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 Format Wars 2007 Title

 

2007 marks the sixth year of my “Format War” series, and you may find it as interesting as I did in reviewing that period. The only thing that remains constant is change! This fact seems to be finally catching up to BetacamSP format. Never in the history of television did one format have such a product life. I doubt that any investment in any product line will ever gain such a return. A good part of this is due to the networks that are still using this format almost exclusively for ENG / EFP applications. We continually purchase parts cameras to help us with troubleshooting the ever aging fleet of camcorders and decks in the field, and we still have had no problems getting parts from Sony for Betacams. What have dried up are printed circuit board replacements, of which we usually make component level repairs to, instead of replacing. By the way, I plan to write an update on the “Attack of the Killer Capacitors” article in the near future.

In 2004, we began maintaining other popular tape formats, along with performing camera alignment set-ups on all the new HD camcorders. While each one involved an investment on our part with new jigs, test equipment, spare parts and factory training, it has paid off.

As you probably know, I am able to report what our client base has been purchasing for new camcorders by the amount of “New Camera Set-ups” we perform. With close to 2,600 clients, it is a good cross section of the broadcast market. While the quantity of new cameras purchased last year was about the same and 2006, we did see a 147% increase in HD, verses a 55% drop in SD camera purchases. Panasonic, which accounted for 90% in 2006, has dropped to 65% in 2007. Sony, on the other hand, increased from 10% to 35% of purchases in 2007.
Sony purchases included the XDCAM and HDXDCAM, as well as the HDW and Cinealta camcorders, with a 360% increase. Panasonics included the HD P2 models, as well as the AJ-HDX900 and the Varicam, with an overall 28% decrease in total number.

The IT, or tapeless formats, increased from 10% to 30 % in 2007. That’s a big jump, and it’s due to TV stations and news outlets mostly. While most are HD models, they are airing video in the SD mode.

It is truly difficult to predict if the memory card storage will win out over the optical disk. Unfortunately, Sony to date has not shipped any 2/3 inch versions of its HDXDCAM format, only the ½ inch ones. The lenses for the 2/3 inch versions are the industry standard in the rental sector, and with most HD shooters. With the less expensive optical disk media, sales could take off with a 2/3 inch version. Time will tell.

As to which was the most popular, the Panasonic AJ-HDX900 led the pack, with the Sony HDXDCAM second, and the HDW models third. I was surprised at how many of the new F900R models came through the shop.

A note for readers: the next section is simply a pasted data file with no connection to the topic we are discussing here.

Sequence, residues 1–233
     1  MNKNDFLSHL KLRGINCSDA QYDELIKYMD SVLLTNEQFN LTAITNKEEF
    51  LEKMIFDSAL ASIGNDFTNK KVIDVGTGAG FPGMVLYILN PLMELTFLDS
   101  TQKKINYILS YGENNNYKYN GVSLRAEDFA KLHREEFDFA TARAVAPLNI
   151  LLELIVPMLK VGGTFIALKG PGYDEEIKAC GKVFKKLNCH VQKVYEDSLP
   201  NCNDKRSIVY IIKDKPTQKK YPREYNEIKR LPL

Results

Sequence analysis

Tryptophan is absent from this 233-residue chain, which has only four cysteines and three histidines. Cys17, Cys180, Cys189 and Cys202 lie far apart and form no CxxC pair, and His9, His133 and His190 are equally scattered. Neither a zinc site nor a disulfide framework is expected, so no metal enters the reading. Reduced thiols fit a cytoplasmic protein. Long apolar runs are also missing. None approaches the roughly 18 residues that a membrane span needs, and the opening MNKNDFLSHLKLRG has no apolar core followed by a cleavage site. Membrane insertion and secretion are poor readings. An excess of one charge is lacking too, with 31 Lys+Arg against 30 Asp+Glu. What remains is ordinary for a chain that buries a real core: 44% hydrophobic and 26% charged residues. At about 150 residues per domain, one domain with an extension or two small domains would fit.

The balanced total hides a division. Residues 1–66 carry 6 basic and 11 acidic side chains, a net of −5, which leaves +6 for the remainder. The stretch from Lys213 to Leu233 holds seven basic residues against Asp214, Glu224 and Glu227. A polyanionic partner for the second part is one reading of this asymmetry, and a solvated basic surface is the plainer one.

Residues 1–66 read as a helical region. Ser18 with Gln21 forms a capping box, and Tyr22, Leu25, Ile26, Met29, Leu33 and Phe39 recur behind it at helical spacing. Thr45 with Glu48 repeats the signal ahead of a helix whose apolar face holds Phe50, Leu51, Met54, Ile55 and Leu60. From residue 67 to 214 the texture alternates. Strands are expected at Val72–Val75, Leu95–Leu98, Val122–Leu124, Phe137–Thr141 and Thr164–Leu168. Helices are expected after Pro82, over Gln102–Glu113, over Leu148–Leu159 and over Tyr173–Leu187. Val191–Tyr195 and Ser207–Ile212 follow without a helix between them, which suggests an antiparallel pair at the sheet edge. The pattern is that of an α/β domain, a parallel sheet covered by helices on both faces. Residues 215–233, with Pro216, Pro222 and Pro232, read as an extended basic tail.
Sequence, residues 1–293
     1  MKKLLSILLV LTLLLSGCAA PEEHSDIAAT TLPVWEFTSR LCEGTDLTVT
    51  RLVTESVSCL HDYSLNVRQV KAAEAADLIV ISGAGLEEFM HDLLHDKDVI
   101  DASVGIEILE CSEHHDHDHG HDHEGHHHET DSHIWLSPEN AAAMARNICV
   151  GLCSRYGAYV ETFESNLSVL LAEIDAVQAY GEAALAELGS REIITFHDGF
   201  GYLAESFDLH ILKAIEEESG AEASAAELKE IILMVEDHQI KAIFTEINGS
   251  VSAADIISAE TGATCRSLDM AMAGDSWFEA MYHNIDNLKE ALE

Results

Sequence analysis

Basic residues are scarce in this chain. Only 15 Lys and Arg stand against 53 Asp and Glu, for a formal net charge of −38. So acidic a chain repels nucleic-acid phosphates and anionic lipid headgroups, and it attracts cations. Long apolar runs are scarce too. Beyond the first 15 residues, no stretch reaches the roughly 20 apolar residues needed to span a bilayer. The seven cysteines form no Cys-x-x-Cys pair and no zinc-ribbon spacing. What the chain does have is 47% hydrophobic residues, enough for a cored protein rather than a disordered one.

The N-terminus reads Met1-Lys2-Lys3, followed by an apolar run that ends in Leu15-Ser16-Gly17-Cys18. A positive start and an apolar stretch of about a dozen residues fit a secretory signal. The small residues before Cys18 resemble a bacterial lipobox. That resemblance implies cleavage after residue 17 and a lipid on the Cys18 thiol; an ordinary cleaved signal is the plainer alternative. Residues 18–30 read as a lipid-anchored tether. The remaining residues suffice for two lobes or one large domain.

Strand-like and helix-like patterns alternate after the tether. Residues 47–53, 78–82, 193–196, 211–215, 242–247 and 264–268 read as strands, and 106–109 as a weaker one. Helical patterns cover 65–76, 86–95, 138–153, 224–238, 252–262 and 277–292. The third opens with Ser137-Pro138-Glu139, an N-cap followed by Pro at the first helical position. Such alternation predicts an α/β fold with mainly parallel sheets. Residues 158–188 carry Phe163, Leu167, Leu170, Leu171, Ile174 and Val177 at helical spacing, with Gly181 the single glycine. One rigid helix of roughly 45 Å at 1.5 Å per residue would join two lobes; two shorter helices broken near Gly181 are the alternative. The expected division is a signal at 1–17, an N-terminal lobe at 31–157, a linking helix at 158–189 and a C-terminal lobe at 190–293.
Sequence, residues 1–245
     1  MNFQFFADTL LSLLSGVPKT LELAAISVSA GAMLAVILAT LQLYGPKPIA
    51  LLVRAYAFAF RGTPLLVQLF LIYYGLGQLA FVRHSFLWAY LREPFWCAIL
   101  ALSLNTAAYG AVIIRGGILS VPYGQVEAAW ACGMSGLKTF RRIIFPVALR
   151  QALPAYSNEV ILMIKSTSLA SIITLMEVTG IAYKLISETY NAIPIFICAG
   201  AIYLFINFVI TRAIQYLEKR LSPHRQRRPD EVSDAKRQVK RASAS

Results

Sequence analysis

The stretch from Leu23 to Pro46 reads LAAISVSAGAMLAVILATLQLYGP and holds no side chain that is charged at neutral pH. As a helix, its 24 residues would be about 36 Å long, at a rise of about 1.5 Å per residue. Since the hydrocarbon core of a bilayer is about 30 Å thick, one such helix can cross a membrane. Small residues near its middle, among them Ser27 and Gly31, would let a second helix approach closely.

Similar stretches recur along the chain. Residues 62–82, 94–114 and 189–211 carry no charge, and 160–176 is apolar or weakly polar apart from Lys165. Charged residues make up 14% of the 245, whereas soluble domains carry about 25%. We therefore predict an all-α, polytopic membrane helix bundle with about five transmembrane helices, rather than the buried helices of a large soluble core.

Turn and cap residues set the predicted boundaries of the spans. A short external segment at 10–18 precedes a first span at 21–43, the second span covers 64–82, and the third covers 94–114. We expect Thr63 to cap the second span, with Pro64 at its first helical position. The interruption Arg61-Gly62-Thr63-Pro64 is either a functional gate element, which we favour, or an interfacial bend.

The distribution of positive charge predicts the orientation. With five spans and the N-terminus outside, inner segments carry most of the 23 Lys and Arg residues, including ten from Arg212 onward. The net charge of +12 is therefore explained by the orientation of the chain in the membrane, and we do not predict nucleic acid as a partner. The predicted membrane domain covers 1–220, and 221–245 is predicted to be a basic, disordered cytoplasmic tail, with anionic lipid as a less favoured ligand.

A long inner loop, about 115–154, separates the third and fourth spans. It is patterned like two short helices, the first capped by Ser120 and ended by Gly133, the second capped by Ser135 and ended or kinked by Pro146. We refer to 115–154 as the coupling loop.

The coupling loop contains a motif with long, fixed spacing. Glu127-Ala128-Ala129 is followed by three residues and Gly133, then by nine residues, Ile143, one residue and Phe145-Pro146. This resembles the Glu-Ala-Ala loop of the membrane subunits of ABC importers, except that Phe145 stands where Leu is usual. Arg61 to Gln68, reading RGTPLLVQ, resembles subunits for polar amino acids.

The amount of pre-owned camera sales, was unchanged from the previous year. The majority of sales were with the Panasonic Varicam, and the AJ-SDX900 camcorders, and Sony DXC-D50 dockable SD cameras.
Videotape camcorder and deck service numbers showed that Betacam has slipped to 40% from 48% in 2006, and 52% in 2005. Breaking down the rest: HDCAM up 500%, DVCPROHD up 185%, DVCAM up 130%, DVCPRO 25-50 down 30% and Digibeta service down 55% since 2006.

We have also worked with a number of news organizations that are purchasing dozens of new HD camcorders, and want them set-up and matched. So far we have been able to satisfy their needs cost effectively. If this is of interest please contact us.

Another thing I found very interesting with our business, is the demand for higher quality images from the new HD cameras. I have been blessed to be involved with a number of HD shoots for the Food Network, ESPN Entertainment and PBS, with a cooking show series. It was a true learning/relearning experience to actually go out into the field with some of the cameras we set-up in the shop. If you haven’t read them, please check out my On the Road Again with Roger newsletter series. I am working on another in the series, with what I learned as I worked as video engineer for PBS with the “Cooks Country” series that will air in mid 2008. Taking these assignments has been a test for our company, to check out the demand for such services. I have been receiving inquires for future shows, which could develop into a future business model for Macie Video Service. Again time will tell.

The other reason for taking such work is to increase my knowledge, and then share what I learn with our clients and the broadcast industry. As many of you know, as far back a six years ago, I expressed an interest in creating a training video series. I am closer than ever before, and should start work on it once we overhaul our www.broadcastvideo.com site. Our goal for that is now early to mid 2008. Stay tuned.
Again, I want to thank you all for supporting Macie Video Service with your maintenance needs and referrals. Have a great, blessed 2008.

Take care, 

Roger 

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